Research says fitness trackers are ineffective at weight loss

We've all seen the marketing materials and heard the spiels. Today's generation of wearable devices, from fitness trackers to smartwatches with health-related features, can help you keep a healthy lifestyle and even lose weight along the way. But according to a two-year study that was started way back in 2010, that isn't exactly the case. In fact, they might actually be counter-productive to the goal, with wearers losing less weight than people who undergo the same amount of activity but take the manual route of keeping track of themselves.

So here was the setup of the study. 470 people were put on a low-calorie diet and exercise regimen for two years. Half the group reported their performance on their own. The other half were given fitness trackers instead. In 2012, the results came in. Both groups exhibited the same levels of activity. But the first group lost 13 lbs on average. Those with fitness trackers lost only 7.7 lbs. So what gives?

Some might call into question the fitness trackers used in those studies, which were arm-worn monitors that measure body heat from exercise, not the usual wristbands that measured steps, heart rate, and similar data. The study's researchers, however, insist that the results would still be similar, or at least relevant, today. Because the factors that affected the total weight loss may have been more psychological than physiological.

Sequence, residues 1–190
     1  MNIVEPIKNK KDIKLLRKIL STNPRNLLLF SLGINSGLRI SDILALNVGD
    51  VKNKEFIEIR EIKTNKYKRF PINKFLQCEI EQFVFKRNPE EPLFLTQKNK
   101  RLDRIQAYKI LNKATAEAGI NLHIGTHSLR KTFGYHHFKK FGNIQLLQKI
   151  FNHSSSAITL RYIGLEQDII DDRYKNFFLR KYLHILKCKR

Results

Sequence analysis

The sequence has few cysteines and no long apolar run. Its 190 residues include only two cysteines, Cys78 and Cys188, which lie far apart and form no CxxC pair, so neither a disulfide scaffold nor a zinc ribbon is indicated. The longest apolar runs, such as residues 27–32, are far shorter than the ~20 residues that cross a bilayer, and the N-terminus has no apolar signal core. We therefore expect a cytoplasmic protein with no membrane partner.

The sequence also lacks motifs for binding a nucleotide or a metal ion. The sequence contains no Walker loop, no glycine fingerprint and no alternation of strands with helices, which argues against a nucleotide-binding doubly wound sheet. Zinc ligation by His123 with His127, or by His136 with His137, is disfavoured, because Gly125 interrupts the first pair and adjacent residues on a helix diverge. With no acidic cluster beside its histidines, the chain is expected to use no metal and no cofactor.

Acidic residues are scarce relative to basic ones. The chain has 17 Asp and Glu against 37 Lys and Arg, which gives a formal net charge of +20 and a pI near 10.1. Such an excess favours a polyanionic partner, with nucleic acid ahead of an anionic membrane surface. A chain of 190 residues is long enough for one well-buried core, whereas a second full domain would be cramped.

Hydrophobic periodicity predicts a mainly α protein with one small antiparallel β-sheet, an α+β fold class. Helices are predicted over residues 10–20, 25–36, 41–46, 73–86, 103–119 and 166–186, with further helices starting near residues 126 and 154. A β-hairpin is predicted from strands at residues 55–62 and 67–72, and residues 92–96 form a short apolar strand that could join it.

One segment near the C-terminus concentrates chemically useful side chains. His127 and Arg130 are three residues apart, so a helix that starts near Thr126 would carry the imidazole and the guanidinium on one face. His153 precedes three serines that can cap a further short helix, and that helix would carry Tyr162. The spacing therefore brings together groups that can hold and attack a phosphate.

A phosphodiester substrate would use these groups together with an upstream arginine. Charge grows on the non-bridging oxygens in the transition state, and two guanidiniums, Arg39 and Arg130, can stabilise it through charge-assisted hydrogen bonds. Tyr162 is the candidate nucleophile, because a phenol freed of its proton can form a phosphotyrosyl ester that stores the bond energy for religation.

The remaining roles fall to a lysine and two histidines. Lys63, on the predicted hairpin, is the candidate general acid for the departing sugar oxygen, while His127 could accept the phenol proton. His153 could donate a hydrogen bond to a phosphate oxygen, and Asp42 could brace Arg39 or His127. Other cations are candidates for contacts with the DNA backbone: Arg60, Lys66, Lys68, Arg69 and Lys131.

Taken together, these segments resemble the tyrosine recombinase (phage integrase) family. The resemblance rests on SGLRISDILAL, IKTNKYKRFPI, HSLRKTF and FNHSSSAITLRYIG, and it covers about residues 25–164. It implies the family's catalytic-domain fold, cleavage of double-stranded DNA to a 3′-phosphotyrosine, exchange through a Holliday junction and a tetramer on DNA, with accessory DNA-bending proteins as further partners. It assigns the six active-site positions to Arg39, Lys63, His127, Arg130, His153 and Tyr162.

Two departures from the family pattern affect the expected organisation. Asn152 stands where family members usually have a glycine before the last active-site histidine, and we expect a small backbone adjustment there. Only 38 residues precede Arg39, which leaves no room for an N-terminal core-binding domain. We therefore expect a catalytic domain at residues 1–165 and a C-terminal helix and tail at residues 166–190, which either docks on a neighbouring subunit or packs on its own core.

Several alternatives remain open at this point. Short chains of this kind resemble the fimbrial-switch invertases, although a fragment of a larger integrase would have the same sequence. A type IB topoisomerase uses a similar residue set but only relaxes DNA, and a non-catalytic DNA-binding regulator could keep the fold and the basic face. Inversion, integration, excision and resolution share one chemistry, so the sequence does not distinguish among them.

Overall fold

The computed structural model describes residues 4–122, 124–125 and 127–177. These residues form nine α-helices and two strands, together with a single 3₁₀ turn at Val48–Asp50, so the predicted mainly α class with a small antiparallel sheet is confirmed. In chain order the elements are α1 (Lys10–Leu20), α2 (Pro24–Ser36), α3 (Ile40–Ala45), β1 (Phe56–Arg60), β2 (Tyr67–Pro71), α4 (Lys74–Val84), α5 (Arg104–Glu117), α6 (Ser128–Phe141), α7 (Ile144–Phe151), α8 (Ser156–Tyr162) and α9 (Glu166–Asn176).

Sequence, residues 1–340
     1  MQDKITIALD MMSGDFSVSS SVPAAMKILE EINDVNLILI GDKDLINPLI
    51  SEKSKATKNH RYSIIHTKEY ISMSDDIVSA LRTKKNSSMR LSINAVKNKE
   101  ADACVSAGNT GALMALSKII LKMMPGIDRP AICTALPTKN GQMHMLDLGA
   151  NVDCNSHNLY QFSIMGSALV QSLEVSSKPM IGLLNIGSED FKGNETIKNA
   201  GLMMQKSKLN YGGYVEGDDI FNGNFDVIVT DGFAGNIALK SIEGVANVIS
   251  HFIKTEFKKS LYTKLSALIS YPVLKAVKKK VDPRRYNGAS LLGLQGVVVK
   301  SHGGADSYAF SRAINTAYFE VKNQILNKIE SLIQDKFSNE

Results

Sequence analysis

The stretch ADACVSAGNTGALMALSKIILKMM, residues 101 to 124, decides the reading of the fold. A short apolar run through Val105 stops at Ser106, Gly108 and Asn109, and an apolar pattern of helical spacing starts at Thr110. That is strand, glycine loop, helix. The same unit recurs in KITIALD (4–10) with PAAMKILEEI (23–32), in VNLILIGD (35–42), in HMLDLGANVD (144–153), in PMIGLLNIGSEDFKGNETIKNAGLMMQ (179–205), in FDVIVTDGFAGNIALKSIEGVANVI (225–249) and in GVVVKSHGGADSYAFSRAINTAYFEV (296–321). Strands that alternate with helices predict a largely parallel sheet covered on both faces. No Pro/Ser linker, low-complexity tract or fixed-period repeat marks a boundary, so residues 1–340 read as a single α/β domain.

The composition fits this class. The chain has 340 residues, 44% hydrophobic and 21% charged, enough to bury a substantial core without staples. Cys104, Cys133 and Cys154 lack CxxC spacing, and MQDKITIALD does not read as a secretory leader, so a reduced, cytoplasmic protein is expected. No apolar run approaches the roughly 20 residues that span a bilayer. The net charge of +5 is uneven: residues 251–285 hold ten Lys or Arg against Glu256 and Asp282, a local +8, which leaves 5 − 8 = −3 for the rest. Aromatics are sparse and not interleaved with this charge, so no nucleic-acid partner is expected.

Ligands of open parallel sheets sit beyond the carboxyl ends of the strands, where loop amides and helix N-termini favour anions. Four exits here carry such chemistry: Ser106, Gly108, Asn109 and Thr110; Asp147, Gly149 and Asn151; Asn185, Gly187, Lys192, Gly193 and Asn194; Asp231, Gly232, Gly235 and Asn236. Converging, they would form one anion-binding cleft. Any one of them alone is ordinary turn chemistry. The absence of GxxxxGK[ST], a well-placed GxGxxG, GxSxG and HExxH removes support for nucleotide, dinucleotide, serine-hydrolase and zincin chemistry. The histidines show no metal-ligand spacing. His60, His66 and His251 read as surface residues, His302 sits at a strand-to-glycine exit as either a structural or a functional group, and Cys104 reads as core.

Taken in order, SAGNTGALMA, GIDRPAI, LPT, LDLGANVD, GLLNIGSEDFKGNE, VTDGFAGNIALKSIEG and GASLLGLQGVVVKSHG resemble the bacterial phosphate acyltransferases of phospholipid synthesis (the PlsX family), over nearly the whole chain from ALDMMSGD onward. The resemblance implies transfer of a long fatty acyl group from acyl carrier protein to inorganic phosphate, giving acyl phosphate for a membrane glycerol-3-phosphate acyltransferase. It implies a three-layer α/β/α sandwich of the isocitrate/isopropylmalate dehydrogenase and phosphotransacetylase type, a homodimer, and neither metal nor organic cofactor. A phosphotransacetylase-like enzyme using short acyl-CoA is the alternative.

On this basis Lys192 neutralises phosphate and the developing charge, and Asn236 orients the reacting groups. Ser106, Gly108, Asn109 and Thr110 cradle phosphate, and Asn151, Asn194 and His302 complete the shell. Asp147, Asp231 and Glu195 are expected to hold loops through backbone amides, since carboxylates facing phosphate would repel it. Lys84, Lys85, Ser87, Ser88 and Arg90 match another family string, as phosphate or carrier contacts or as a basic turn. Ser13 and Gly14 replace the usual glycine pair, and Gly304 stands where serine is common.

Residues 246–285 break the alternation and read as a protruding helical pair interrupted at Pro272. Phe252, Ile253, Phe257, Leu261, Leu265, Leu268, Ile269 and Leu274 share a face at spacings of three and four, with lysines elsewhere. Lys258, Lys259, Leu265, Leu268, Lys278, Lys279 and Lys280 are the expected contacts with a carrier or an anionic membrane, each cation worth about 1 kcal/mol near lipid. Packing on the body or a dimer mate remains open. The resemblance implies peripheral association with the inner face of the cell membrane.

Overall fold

Possible scenarios included wearers concluding that since they were able to burn this many calories on a particular day, they could, in effect, eat more. Others might also have mixed reactions to achieving or missing daily goals, with some getting discouraged while others become more engaged.

Although not to be taken as something conclusive, the study does highlight the need for more long-term research on the effects of modern fitness trackers. While companies like Fitbit and Jawbone of course have their own clinical studies, researchers believe that those only focus on the short-term effects, and not something stretched over a period of years like this study.

A major takeaway from this study, whether it is later debunked or not, is that fitness trackers aren't magic wands that will suddenly make you live an active lifestyle. They're great at keeping track of that lifestyle, and perhaps encourage you with stats or even some competition, if you swing that way. What you do after, or more importantly, in between, is something no fitness tracker can really do for you.